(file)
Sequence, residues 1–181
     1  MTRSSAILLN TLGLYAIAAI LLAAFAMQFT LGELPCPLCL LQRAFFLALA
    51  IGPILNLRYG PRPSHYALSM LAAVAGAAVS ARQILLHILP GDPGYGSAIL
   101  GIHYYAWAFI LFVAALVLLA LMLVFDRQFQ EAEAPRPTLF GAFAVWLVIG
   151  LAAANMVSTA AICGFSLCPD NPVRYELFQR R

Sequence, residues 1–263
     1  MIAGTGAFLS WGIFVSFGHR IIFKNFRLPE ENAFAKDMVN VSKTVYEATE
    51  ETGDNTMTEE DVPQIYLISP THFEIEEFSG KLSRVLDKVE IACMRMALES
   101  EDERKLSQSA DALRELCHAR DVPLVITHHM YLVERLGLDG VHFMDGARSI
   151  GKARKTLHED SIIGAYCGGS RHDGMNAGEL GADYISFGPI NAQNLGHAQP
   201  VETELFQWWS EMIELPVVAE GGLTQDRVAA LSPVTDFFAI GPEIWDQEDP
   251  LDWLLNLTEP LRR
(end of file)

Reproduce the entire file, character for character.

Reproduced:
Sequence, residues 1–181
     1  MTRSSAILLN TLGLYAIAAI LLAAFAMQFT LGELPCPLCL LQRAFFLALA
    51  IGPILNLRYG PRPSHYALSM LAAVAGAAVS ARQILLHILP GDPGYGSAIL
   101  GIHYYAWAFI LFVAALVLLA LMLVFDRQFQ EAEAPRPTLF GAFAVWLVIG
   151  LAAANMVSTA AICGFSLCPD NPVRYELFQR R

Sequence, residues 1–263
     1  MIAGTGAFLS WGIFVSFGHR IIFKNFRLPE ENAFAKDMVN VSKTVYEATE
    51  ETGDNTMTEE DVPQIYLISP THFEIEEFSG KLSRVLDKVE IACMRMALES
   101  EDERKLSQSA DALRELCHAR DVPLVITHHM YLVERLGLDG VHFMDGARSI
   151  GKARKTLHED SIIGAYCGGS RHDGMNAGEL GADYISFGPI NAQNLGHAQP
   201  VETELFQWWS EMIELPVVAE GGLTQDRVAA LSPVTDFFAI GPEIWDQEDP
   251  LDWLLNLTEP LRR